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|Book Title :||Epicoene; Or, The Silent Woman|
|Author :||Ben Jonson|
|LoC Class :||PR: Language and Literatures: English literature|
|Subject :||English drama (Comedy), Comedies, Inheritance and succession -- Drama, English drama -- 17th century, Married women -- Drama, Uncles -- Drama, Nephews -- Drama|
Review of the book Epicoene; Or, The Silent Woman by Ben Jonson
Epicœne, or The Silent Woman, also known as Epicene, is a comedy by Renaissance playwright Ben Jonson. The play is about a man named Dauphine who creates a scheme to get his inheritance from his uncle Morose. The plan involves setting Morose up to marry Epicoene, a boy disguised as a woman. It was originally performed by the Blackfriars Children, or Children of the Queen's Revels, a group of boy players, in 1609. Excluding its two prologues, the play is written entirely in prose.
The first performance of Epicœne was, by Jonson's admission, a failure. Years later, however, John Dryden and others championed it, and after the Restoration it was frequently revived—Samuel Pepys refers to a performance on 6 July 1660, and places it among the first plays legally performed after Charles II's accession.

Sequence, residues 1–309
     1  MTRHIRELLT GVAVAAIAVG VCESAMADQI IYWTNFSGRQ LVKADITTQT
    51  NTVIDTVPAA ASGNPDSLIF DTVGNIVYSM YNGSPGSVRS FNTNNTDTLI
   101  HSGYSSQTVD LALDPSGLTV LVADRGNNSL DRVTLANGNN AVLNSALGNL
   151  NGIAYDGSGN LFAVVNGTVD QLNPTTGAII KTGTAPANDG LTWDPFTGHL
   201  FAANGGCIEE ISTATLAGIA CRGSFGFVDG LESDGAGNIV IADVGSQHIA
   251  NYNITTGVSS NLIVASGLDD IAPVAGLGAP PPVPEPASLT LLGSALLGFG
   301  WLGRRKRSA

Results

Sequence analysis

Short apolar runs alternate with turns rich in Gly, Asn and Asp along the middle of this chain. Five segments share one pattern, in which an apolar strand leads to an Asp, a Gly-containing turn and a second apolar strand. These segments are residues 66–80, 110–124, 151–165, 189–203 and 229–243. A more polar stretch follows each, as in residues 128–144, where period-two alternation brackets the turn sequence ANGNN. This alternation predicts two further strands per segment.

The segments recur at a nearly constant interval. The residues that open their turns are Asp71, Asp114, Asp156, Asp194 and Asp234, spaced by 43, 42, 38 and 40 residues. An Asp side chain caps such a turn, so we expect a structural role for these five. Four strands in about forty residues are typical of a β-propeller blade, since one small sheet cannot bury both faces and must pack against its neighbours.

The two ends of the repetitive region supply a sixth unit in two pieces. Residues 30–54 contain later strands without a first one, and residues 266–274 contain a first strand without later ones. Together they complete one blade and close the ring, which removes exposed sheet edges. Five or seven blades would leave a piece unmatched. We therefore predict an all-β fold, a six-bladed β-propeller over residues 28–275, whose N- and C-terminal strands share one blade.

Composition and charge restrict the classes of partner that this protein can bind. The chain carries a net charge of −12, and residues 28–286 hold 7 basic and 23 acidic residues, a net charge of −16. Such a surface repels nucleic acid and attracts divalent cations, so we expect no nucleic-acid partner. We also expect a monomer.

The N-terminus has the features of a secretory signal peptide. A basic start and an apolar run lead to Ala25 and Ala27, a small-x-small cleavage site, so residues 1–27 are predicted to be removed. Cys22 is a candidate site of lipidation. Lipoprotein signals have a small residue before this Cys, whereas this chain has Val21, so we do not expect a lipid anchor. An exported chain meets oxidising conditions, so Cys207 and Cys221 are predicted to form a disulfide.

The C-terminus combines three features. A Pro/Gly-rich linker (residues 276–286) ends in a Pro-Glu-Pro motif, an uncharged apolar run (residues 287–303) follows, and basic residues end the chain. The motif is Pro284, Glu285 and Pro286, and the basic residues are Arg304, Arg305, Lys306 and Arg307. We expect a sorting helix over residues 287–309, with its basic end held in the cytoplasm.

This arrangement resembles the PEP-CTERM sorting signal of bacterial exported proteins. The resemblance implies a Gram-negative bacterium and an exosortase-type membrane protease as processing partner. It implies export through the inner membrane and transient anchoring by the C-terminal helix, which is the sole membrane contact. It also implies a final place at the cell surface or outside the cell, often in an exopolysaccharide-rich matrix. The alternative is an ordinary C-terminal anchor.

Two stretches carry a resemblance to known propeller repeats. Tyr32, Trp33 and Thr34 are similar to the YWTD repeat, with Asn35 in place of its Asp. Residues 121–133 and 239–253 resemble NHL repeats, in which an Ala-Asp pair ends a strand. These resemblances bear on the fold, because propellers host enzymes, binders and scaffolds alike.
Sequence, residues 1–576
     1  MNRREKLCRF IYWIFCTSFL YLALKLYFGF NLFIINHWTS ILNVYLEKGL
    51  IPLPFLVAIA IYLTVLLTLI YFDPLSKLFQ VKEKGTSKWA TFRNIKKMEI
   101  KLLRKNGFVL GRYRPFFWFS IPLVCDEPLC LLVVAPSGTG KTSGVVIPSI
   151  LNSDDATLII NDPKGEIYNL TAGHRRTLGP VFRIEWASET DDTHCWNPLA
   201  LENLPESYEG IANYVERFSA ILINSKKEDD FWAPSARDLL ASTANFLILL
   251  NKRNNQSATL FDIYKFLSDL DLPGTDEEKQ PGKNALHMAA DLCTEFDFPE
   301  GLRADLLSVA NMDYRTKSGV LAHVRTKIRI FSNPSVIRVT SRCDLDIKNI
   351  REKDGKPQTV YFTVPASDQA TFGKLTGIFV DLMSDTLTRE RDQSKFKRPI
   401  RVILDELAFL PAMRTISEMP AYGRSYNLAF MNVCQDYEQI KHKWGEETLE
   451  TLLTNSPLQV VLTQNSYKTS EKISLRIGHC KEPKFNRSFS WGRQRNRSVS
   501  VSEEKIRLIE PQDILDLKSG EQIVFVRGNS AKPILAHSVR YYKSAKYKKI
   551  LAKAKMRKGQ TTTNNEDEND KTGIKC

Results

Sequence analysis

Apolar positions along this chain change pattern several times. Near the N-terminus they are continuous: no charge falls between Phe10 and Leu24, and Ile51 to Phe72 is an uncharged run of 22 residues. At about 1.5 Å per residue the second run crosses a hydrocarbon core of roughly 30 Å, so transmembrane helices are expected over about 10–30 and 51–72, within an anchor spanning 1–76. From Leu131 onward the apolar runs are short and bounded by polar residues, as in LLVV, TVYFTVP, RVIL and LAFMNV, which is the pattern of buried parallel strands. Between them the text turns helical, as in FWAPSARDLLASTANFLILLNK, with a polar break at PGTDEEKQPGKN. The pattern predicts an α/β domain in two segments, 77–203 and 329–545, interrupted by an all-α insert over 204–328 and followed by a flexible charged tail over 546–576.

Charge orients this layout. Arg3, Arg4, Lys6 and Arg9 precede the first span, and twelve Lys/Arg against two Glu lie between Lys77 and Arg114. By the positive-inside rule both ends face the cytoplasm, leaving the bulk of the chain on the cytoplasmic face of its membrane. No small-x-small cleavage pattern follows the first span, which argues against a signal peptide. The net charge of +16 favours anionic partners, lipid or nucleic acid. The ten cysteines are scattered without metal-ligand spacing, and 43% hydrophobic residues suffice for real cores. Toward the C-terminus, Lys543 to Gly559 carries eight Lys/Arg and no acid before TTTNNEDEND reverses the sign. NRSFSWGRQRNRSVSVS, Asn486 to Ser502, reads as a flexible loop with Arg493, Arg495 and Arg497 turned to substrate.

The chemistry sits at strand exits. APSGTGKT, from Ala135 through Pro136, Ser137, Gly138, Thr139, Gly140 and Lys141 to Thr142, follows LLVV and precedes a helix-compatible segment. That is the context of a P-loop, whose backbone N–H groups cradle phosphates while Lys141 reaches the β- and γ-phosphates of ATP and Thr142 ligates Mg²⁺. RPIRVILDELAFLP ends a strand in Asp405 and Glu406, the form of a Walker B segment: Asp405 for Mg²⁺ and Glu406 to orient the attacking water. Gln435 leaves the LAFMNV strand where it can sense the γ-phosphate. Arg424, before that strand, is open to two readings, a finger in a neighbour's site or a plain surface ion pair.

Epicœne, or The Silent Woman by Ben Jonson might well be termed The Crying Game of Renaissance drama. Every act, every scene and, indeed, every single word of Jonson’s comedy leads to the culminating act which reveals the Epicene is not only undeserving of the silence attributed to her within the subtitle, she is not even deserving of the woman part.
Just as in The Crying Game, the big revelatory moment of Jonson’s satire is the startling admission by the audience that it has been fooled. Of course, one must keep in mind that one of the reasons a play noted British poet John Dryden singled out as the most sublimely plotted of all stage comedies has not been as routinely performed for audiences since Dryden’s day as even the most forgettable of Shakespeare’s comedies is that fooling an audience into believing a male actor is a female character was infinitely easier back when actual female characters were always played by male actors. With the addition of the word “actress” to the lexicon of the stage, the casting of the play’s silent “woman” became infinitely trickier even for those audiences unfamiliar with the play’s delightfully unforeseen twist. By the end of the 18th century, Epicœne had pretty much exhausted its popularity and has only rarely enjoyed successful revivals.